Public Service Announcement: Susan’s Swamped


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I can’t blame being swamped on Rocktober. Jett’s got a firm control of that over at The Rock of Pages, and if you aren’t following along this  month, you’re missing out. Jett’s been having a great time, although I have to send her a guest post that she needs to get up.

So, yeah. The title says it all, doesn’t it? I’m working on an edit for one of my favorite clients and it turned out to be more extensive than I’d expected. I’m sure Steve (we’ll call him, since my last client was Stevie) is swooning as I read this, so let me take a few seconds and wax poetic.

Like all my clients, Steve is learning and growing. Signs of a newbie writer in the first two books are a lot less visible here. He’s even taking a risk or two with this new one, and I’m glad to see it. He’s pulling it off.

So why is the work more extensive if it’s so good? Well, because now that Steve has  more experience, I can push him into deeper places. Expand here. Give me two words there to polish this sentence. Explore this. Don’t you think the character might feel this? How about this? Just think about it and decide for yourself… it’s YOUR book, after all. I’m just here to … well, do what I’m doing. Give you ideas, stir your creativity, show you options.

I know Steve’s waiting both patiently and impatiently. On the one hand, I’d hoped to have this done last Friday. But he knows I’m taking my time because he’s going to wind up with a better book at the end. I know he doesn’t want to see how bad I think it is (and, like all my clients’ works, I don’t think it’s bad. This guy is a master plotter.), or how many comments I’ve made (lots). But I also know he’s dying to hear what I think (love it, which contradicts the backhanded compliment above of not thinking it’s bad, but if you knew the dynamic between me and Steve, you’d understand that’s not nearly as backhanded as you may think it is) and he’s dying to start to make the changes I’m suggesting or some that I’m demanding (dude, you gotta spell cloud right. You just do. And that’s why I’m demanding that particular change). He’s dying to get this book out into the world, and I don’t blame him.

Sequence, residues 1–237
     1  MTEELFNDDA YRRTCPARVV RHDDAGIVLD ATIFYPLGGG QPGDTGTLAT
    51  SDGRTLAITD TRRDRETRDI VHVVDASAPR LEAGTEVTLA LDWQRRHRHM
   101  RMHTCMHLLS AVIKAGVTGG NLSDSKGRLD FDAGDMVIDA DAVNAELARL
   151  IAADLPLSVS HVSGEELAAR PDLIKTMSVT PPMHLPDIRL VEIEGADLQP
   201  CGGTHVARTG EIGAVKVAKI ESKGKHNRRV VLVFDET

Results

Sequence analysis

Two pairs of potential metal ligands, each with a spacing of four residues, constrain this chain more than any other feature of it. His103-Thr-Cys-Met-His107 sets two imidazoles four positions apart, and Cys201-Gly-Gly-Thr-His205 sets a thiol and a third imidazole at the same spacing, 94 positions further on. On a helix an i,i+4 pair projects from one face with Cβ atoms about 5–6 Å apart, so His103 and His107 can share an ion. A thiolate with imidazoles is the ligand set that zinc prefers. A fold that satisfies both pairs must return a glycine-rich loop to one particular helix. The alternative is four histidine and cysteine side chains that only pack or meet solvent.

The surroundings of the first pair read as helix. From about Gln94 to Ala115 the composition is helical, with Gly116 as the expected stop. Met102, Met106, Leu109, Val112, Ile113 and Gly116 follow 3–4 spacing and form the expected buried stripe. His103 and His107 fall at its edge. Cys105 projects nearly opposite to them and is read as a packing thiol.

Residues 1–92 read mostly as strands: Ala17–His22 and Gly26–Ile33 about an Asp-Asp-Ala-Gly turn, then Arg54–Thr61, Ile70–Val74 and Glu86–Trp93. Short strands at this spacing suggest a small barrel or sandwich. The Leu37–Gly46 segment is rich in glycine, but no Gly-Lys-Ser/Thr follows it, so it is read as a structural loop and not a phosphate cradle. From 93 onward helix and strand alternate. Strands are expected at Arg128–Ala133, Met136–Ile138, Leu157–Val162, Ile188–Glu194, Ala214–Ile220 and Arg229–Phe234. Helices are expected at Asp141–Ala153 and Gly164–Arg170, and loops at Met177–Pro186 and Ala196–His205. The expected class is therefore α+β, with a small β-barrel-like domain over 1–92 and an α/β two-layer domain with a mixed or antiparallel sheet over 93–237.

There’s a certain subset of the reading world that’s going to love this one. Hopefully he’ll stop in and do a Featured New Book about it when it comes out and I can preen about how he did the hard work I asked him to.

But first, I gotta finish up. I have clients in the pipeline waiting for me, a ton of e-mail to answer — including a new Featured New Book, which will run next week (Sorry, Client Named Stevie who’s not the same Client Named Stevie from my last post about a Client Named Stevie) and yes, I’m pushing myself hard. Why do you ask?


1 Comment

  1. Dana Griffin

    October 28, 2014 5:42 am

    As anxious as this “Steve” is to get his manuscript from you, I’m guessing he chose you to edit because he wanted a quality edit that would make the story better and deepen the characters. If he wanted a quickie that would catch all his spelling, or tense errors, and put the commas in the right places, there are plenty of people who call themselves editors who are really copy editors he could’ve chosen.

    It’s too bad “Steve” is the impatient type in being gratified that his story was satisfying. I’m real sure he won’t be disappointed by your numerous comments. Each one will have showed him a better way to convey a point, or to make a character have a more emotional response. Any writer should welcome those suggestions.

    Now I have to get back to working on the suggestions my marvelous editor recommended.

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